S34. Can a successful bidder at an auction receive a tax receipt for donation for the amount in excess of the fair market value that he or she pays?
Yes. As long as these requirements are met:
- the value of the item can be determined and
- the value was posted before the start of the auction
- the value of the advantage does not exceed the intention to make a gift threshold, that is, 80 per cent of the price paid
- the value of the advantage does exceed the de minimis threshold
A sports store donates a mountain bike to a charity and that charity puts it up for auction. The fair market value of the bike is $400 and this amount is posted with the item. There is a successful bid of $600.
To determine the amount of the official donation receipt Bid price $600 There is an advantage, that is, the value of the bike for $400 ($400) Yes, it meets the intention to make a gift threshold: 80 per cent of the bid price, which is $480 The value of the advantage is less than 80 per cent of the bid price Yes, it meets the de minimis threshold, that is 10 per cent of the bid price or $75, whichever is less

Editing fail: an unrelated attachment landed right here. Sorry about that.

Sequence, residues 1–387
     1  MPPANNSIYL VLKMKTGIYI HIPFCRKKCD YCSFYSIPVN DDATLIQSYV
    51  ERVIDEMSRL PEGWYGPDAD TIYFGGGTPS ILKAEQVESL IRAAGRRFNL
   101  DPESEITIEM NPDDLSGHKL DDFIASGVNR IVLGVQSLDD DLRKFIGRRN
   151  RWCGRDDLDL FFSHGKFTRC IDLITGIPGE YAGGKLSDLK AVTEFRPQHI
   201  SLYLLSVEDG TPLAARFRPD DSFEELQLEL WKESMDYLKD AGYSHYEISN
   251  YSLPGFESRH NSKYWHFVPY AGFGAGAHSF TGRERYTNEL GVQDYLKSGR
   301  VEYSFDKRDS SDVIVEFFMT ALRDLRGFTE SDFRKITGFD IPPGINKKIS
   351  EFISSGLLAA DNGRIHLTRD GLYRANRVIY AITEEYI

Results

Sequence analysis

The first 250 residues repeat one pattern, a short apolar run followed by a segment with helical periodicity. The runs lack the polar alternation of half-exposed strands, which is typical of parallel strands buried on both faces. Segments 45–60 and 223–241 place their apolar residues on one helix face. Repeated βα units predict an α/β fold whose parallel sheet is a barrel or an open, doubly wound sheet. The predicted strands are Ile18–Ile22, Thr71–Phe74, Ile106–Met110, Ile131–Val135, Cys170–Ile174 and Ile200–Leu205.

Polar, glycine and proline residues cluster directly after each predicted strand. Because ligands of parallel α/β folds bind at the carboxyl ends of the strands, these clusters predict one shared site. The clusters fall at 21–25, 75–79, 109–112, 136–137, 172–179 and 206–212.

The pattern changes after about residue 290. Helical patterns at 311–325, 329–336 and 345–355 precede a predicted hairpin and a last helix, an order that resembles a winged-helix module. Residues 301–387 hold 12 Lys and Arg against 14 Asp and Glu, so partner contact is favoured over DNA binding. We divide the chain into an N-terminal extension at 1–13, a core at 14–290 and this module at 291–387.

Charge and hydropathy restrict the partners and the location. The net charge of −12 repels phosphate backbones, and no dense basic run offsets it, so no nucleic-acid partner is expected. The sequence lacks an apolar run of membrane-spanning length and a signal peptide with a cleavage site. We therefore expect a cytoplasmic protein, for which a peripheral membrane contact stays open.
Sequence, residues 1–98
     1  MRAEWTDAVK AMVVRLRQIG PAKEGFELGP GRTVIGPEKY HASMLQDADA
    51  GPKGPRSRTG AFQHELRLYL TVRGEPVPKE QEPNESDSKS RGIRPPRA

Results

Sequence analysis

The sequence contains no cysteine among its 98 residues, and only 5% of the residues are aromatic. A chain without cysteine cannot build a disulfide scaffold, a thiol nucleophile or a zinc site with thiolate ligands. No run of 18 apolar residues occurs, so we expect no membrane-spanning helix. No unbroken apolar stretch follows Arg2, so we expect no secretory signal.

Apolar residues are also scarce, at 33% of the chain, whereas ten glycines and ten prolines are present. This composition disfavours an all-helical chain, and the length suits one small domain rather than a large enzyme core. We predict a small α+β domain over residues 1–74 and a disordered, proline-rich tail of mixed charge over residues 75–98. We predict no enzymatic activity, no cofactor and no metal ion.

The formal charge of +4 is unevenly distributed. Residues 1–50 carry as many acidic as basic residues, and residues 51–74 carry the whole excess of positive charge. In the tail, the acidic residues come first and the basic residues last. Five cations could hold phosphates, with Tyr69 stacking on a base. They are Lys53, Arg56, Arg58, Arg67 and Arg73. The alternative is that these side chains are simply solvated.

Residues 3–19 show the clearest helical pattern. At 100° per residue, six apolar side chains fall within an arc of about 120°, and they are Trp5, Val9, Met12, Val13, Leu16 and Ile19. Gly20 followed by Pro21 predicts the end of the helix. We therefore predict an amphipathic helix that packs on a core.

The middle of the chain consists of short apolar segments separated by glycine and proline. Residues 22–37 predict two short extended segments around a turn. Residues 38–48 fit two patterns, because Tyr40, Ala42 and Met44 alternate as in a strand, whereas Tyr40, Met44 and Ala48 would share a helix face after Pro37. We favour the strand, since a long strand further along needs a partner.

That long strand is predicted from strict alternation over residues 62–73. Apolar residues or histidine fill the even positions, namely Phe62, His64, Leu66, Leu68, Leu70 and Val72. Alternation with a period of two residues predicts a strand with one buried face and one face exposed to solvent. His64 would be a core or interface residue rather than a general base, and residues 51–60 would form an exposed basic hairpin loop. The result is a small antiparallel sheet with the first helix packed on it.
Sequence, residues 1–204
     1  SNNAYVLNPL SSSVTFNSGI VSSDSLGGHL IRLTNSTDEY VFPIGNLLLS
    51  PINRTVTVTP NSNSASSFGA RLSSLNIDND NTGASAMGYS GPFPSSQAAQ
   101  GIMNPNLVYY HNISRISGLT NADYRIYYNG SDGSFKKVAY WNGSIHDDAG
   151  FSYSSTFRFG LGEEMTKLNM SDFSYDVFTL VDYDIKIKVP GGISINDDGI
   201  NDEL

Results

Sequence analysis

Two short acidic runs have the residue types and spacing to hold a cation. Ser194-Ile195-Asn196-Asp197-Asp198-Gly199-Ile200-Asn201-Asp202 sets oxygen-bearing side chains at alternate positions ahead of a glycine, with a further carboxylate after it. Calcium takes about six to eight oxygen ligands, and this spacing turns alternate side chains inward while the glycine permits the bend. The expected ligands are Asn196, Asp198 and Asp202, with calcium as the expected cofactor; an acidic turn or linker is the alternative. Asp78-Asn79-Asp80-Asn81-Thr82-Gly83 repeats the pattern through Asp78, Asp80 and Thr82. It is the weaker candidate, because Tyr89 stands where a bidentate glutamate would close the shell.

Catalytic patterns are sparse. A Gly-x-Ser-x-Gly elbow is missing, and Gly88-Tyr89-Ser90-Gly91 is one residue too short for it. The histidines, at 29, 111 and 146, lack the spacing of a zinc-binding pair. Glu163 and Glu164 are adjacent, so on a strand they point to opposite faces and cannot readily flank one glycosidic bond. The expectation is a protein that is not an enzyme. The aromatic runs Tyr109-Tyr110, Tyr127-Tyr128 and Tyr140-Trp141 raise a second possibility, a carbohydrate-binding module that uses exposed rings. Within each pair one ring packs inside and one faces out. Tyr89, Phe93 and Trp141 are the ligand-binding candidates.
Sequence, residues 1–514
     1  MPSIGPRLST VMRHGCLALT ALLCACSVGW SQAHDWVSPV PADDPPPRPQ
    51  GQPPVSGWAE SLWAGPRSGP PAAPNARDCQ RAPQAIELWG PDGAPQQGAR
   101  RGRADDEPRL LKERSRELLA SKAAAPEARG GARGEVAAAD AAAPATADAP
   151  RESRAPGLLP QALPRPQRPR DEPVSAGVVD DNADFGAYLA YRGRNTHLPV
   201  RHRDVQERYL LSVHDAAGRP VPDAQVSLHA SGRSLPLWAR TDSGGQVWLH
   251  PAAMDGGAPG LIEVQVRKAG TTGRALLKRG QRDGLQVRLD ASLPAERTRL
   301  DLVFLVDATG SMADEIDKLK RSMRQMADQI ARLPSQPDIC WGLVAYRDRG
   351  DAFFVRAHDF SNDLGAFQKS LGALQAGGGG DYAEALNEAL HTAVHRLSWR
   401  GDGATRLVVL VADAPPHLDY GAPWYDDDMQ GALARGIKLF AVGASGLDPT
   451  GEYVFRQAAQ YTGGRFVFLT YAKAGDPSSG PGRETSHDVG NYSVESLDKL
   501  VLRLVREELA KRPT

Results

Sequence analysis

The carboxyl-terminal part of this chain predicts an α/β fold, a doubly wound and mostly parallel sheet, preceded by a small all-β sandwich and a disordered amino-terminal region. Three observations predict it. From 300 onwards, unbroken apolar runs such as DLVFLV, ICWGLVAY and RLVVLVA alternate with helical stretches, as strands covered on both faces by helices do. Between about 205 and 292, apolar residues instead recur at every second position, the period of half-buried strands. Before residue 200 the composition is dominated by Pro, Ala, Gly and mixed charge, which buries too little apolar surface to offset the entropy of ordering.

The threshold is $60 (10 per cent of $600).
The value of the advantage exceeds the de minimis threshold Excess of the bid price over the value of the advantage (the bike) $200
An official donation receipt can be issued for $200.
The sports store donating the bike will be entitled to receive a tax receipt for $400. If this represents a gift on the part of the retailer, the retailer will have revenue of $400 pursuant to section 69 and a donation deduction of $400. If the bike cost the retailer $250, the result would be a profit of $150 for tax purposes.
The Canada Revenue Agency has indicated that, with respect to certain personal items such as the jersey of a hockey player or the right to play golf or dine with a particular person, the value will be the amount of the bid. No donation tax receipt is, therefore, to be issued.